Royalton Township Fire Department asks for tax payer support to fund future equipment costs
BERRIEN COUNTY, Mich.-- Residents in Berrien County will vote ‘yes or no’ for proposals and other referendums in the May 7 Special Election.
The Royalton Township Fire Department is looking to introduce a millage for fire equipment and to renew a public welfare millage that funds the operations of the fire department.
The $124,000 annual budget for the maintenance and operations of the department is funded by the Fire, Ambulance and Library Millage within the township.
Tuesday’s proposal asks for the renewal of the millage at one mil, or $1.00 per $1,000.00 dollars of taxable value on real and personal property in Royalton Township for seven years.
Fire Chief James Jonatzke says that the department responded to 107 calls last year, which cost the budget fewer than $1,200 per call.
“We have to do truck repairs, pay for the heat of this building. Everything that has to do with the fire department comes out of that budget, and it’s expensive,” Jonatzke said.
“Our role is ever-expanding as firefighters. We do water rescue, all kinds of things. We have to train for that, we purchase equipment for that.”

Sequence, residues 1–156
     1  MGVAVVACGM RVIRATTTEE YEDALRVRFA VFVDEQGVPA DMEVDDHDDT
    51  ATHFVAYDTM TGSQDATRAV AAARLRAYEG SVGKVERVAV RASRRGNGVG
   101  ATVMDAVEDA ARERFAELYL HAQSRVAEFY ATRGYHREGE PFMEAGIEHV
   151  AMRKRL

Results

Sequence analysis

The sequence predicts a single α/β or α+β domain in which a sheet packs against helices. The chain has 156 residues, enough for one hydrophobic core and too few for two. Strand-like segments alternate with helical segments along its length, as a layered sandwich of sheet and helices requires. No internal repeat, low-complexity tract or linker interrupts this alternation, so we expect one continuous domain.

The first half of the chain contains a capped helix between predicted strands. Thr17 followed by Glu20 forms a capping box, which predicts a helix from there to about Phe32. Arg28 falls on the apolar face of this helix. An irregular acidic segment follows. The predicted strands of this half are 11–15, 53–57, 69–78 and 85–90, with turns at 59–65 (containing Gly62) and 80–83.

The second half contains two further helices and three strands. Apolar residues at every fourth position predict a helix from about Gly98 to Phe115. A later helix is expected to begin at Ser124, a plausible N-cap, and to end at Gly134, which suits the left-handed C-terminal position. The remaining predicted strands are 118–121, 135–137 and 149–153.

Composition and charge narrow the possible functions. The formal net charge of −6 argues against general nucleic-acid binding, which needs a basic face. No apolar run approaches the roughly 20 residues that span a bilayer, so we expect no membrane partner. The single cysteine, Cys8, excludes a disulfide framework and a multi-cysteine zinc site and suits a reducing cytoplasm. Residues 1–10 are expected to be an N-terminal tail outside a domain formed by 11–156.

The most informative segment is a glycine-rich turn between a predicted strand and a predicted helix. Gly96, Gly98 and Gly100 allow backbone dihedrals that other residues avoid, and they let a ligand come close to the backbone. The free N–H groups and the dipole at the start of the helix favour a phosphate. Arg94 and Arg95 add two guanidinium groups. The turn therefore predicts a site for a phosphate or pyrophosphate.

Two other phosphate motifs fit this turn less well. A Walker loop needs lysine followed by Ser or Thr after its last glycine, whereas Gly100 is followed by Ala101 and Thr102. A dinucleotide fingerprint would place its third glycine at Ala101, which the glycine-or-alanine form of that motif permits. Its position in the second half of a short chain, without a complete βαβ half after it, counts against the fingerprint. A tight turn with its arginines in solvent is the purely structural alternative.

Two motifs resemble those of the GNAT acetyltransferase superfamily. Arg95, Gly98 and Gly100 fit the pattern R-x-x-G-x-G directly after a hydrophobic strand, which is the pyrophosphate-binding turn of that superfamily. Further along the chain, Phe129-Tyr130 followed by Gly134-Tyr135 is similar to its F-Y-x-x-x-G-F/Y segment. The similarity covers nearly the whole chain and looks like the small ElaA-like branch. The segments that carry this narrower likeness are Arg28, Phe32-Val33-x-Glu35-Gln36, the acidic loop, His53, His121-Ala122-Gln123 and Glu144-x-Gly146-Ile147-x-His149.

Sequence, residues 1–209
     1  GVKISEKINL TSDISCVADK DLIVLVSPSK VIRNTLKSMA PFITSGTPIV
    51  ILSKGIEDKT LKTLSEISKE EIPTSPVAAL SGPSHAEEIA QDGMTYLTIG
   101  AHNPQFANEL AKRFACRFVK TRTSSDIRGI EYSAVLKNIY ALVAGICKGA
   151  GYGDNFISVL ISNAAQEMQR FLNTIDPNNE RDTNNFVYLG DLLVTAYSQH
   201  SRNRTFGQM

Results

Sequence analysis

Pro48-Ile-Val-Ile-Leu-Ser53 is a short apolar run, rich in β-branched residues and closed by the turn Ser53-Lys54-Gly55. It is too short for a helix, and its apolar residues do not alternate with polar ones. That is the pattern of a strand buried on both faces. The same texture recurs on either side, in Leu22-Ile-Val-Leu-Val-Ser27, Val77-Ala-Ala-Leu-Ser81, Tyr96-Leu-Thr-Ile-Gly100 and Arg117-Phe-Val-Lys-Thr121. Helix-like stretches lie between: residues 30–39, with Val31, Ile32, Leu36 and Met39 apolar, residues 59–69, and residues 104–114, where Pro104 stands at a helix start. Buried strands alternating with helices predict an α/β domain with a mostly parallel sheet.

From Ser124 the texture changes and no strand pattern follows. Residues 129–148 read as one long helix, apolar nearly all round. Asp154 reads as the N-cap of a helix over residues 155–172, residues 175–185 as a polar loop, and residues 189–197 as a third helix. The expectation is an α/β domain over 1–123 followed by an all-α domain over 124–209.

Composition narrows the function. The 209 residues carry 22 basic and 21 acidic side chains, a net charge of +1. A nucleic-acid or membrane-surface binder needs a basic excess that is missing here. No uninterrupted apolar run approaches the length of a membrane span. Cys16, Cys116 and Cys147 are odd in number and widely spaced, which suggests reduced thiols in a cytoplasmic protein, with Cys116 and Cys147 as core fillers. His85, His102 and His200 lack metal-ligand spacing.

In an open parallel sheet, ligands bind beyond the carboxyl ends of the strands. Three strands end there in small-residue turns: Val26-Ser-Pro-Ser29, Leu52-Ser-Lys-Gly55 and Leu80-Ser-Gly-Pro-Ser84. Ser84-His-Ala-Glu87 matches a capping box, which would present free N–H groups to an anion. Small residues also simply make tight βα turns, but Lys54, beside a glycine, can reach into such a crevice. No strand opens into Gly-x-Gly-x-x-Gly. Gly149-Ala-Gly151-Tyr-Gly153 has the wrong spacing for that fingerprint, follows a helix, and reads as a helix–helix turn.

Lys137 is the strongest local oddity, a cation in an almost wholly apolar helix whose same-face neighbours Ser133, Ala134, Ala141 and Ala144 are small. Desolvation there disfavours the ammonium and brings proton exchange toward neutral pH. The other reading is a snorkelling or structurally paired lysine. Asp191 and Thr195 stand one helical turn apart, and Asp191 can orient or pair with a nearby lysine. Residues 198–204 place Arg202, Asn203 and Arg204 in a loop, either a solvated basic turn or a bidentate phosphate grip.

The budget pays for 20 firefighters and five trucks which will respond to an emergency, but Jonatzke says that that the life cycle of some of the department’s equipment will soon come to an end.
He says that some fire trucks are almost 25-years-old and were purchased when the township’s station was built in 1995.
Also on Tuesday, the Royalton Township Fire Department is asking tax payers to approve a millage of 1/8 mil for five years.
The revenue would fund future large purchases and replace trucks and other equipment.
It’s estimated that around $35,000 will be raised in the first year.
Jonatzke says the proposal is preparing for the future of the department and the growing township.
“This truck has to work every day. It has to respond to calls, not only does my firefighters' lives depend on it, but my citizens of this township depend that this truck operates correctly every time it goes to a call. It gets harder and harder to keep that truck running at the state of readiness all the time, you’re forced to have to replace it every so often. It’s hard to get parts for them after they get 25-years-old,” said the Fire Chief.